Why can't I buy just plain hand lotion anymore? Everything is new and improved, with more and more features I don't want," says Jill Horwich, a legal assistant in Chicago. "I can't stand going to the supermarket," she says. "There are so many new products, I can never find what I want. In the end, I just buy the basics-store-brand olive oil or corn flakes-because I don't have the time to sort through all the new products to see if they're what I'm looking for."
It's no wonder some consumers view a food shopping trip with trepidation. While the grocery stores of the 1950s stocked about 3,000 items, the supermarket of the 1990s can easily display ten times that number. But for every shopper who feels bewildered by product choices, there is another who actually enjoys trying new products. And in some cases, it may be the supermarkets themselves, not the shoppers, that can't keep pace with the 34 or so new food products launched every day.
"The issue of variety versus duplication of existing products is a big one for retailers," says Don Stuart, partner of Cannondale Associates, in Wilton, Connecticut. "In fact, in our most recent survey on trade practices, retailers list it as their third-biggest concern, behind labor cost and margin erosion. Seventy-one percent of retailers saw it as an important or extremely important issue."
Retailers are trying to come to terms with the flood of new products they encounter weekly. "There are a number of things that retailers are doing," says Stuart. "When the manufacturer controls the space, retailers rely on the manufacturer's recommendation on the use of that space. In essence, the manufacturer dictates what will fill that space. If, however, the space is controlled by the retailer, some of them are drawing a line in the sand. They will say, for example, 'I will only stock products that will satisfy 80 percent of the marketplace. I won't put in anything that doesn't please that percentage.'"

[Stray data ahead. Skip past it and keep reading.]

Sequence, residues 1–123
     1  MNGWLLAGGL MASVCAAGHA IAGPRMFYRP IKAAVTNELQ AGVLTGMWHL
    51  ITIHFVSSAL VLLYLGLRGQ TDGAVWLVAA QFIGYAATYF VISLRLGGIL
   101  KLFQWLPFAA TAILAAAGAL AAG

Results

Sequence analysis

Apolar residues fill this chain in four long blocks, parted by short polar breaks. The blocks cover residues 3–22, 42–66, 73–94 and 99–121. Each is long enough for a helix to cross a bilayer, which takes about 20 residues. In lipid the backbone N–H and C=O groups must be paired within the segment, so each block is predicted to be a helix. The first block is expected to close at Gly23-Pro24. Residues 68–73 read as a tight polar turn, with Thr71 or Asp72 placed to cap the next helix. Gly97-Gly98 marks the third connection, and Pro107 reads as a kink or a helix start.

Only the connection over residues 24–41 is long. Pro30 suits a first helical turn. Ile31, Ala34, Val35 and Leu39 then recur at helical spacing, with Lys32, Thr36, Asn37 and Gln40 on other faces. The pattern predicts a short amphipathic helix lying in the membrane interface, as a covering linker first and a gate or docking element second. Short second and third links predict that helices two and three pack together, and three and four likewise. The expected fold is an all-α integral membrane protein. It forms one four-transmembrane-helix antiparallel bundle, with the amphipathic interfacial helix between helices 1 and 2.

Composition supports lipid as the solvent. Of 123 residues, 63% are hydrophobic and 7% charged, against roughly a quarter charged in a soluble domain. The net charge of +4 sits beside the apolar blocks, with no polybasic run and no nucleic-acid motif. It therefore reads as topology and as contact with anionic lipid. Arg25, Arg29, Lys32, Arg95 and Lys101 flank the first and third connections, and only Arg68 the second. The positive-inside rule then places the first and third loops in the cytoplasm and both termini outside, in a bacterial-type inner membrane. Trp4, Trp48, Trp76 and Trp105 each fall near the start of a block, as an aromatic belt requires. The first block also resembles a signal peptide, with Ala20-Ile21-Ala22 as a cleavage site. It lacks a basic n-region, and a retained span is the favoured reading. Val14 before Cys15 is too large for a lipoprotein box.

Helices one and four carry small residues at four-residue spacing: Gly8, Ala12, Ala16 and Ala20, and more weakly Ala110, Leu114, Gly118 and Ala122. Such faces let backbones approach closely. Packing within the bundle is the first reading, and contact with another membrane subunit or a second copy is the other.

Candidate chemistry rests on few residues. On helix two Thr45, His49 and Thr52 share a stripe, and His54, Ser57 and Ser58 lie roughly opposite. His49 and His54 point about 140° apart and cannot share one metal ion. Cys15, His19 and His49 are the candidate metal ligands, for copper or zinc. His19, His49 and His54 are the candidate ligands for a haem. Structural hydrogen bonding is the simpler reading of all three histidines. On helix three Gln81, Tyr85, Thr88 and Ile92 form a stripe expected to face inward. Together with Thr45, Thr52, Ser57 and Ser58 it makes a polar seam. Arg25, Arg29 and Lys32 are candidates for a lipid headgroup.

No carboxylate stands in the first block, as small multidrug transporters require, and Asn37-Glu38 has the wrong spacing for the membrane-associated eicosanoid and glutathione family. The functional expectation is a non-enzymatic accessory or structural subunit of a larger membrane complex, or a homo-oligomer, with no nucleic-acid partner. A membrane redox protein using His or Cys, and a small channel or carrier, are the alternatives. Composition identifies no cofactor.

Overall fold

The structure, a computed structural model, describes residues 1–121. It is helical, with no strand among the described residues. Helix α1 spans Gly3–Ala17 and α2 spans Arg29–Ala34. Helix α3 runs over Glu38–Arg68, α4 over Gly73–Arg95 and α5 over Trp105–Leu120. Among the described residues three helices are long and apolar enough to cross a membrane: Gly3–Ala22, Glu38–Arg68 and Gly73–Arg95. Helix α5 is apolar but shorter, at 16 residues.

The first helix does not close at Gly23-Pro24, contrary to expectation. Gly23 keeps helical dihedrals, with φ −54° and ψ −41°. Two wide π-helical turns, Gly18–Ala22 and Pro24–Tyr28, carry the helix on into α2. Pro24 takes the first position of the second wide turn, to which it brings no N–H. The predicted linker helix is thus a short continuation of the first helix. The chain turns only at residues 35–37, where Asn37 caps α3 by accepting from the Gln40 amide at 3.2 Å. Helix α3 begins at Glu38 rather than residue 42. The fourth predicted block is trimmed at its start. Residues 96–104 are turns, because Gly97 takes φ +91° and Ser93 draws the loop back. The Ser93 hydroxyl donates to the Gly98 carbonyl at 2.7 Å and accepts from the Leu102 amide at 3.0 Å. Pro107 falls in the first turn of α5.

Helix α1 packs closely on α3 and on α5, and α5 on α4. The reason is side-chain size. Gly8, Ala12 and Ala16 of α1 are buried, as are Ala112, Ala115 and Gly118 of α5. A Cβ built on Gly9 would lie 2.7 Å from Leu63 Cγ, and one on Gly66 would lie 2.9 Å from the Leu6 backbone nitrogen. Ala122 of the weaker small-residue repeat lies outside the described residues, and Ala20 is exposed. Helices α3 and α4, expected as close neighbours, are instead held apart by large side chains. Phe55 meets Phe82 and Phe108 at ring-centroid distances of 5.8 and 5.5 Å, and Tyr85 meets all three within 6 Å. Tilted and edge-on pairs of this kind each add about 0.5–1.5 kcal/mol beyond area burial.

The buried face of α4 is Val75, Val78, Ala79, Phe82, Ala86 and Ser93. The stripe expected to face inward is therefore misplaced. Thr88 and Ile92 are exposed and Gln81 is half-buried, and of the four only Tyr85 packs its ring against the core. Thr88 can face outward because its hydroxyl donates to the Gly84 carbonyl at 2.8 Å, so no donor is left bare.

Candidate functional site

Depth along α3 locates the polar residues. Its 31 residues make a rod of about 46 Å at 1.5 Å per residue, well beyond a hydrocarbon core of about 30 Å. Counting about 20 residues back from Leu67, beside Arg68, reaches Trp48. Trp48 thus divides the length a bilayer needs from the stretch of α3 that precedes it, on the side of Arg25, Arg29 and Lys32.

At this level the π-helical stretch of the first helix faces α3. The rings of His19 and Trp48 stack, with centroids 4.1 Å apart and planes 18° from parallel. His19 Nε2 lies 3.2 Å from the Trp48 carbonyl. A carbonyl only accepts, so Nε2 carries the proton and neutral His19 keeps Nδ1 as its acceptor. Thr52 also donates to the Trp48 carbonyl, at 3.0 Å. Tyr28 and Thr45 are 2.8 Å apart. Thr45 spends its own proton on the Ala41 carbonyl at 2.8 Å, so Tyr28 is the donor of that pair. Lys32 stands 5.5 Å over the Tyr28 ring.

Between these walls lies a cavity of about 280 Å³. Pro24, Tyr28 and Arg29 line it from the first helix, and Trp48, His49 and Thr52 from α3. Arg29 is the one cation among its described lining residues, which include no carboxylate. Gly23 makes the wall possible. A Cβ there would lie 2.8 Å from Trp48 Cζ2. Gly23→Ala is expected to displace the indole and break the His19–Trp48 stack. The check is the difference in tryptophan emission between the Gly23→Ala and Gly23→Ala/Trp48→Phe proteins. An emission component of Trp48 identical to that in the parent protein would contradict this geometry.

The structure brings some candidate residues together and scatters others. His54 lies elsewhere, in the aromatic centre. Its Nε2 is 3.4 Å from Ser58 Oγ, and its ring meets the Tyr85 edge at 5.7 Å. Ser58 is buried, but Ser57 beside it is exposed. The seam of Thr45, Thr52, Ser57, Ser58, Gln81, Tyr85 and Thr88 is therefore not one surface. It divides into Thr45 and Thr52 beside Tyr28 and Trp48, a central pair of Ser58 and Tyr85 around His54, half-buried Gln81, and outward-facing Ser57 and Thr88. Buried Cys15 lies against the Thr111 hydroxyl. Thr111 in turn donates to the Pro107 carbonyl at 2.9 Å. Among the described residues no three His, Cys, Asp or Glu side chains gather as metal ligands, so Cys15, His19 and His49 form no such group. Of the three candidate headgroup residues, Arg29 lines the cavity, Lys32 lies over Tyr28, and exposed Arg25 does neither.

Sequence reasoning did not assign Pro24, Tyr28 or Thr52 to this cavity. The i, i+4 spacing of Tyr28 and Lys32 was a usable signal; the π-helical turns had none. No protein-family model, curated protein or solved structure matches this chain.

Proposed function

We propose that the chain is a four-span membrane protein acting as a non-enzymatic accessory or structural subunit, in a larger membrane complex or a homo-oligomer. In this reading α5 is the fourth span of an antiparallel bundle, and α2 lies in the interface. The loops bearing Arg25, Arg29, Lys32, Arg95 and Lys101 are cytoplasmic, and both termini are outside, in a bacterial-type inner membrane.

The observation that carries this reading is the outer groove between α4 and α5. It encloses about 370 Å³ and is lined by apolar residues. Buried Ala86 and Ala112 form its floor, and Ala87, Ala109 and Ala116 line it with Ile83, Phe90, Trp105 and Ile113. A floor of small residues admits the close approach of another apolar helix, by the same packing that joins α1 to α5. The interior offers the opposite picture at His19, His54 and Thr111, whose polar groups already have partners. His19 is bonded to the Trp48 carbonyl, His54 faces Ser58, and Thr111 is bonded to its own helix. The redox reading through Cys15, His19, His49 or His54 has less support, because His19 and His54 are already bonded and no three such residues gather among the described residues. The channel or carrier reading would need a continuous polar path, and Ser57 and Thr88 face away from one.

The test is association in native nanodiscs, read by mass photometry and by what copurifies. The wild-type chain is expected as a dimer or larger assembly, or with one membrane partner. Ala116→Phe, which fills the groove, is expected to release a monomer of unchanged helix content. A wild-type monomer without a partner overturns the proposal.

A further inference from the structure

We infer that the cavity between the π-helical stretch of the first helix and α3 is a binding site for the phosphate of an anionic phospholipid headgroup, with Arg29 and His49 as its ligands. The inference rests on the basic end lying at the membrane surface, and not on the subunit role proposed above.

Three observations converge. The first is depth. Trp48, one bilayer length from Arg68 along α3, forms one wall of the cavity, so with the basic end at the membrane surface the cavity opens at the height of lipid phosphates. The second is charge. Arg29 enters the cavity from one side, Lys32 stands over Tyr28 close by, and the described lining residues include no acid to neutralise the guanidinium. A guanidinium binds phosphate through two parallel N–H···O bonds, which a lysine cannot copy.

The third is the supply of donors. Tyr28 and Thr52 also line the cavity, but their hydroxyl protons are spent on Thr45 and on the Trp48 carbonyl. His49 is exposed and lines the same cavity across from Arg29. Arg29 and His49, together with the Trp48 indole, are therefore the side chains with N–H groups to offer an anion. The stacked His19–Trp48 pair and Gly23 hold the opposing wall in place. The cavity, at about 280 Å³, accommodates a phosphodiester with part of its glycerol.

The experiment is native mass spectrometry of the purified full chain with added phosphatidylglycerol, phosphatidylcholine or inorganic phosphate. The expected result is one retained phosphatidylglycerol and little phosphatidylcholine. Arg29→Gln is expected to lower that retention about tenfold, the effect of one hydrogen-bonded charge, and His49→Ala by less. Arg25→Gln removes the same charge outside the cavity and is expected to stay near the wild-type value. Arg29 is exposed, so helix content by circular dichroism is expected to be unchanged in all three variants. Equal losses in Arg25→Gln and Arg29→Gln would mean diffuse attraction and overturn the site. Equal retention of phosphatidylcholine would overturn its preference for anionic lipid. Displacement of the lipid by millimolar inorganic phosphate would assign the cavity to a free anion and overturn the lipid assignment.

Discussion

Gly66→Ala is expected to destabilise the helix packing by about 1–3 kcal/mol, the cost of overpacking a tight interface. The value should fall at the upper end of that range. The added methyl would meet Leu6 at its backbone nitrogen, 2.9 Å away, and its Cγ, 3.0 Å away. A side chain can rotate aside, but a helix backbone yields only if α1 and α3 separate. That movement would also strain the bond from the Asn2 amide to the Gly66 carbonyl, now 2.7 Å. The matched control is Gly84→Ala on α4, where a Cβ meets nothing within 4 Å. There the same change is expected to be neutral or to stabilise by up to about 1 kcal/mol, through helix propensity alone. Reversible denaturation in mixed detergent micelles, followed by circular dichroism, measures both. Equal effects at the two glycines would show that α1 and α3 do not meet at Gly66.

LESS IS MORE New consumer packaged-goods product introductions were down in 1997, according to Lynn Dornblaser, publisher of New Product News, a trade magazine that tracks new products in the United States. There was a 26 percent decline in new food offerings between 1995 and 1997, a drop Dornblaser attributes to market saturation and a decrease in shelf space. "Supermarkets can only stock so many products," says Dornblaser. "Slotting allowances, the fees manufacturers have to pay to put their products in the supermarket, are a big issue, as is the issue of shelf space."
The problem is that supermarkets cannot get any bigger and maintain their return on investment; the median store size was 38,600 square feet in 1996. The Food Marketing Institute (FMI) predicts that the store size in 1997 will not be much larger. Stores are about as big as they can be and still remain profitable, according to an FMI spokesperson.
In order to deal with shelf space and product clutter, some manufacturers have considered decreasing the variety of products they offer or melding two brands into one. In 1996, Procter & Gamble, one of the largest players in the consumer packaged-goods industry, began a program to simplify its product offerings, reducing the number of Crest toothpaste and Head & Shoulders shampoo varieties. Instead of 30 shampoo packages, it now offers only 15. This reduces the number of extraneous sizes, flavors, and other variants, making it easier for consumers to find what they want. At the same time, the manufacturer can have more of its allotted space in the store filled with its best-selling products. Shoppers have less choice, but they are less confused, and the manufacturer makes more money.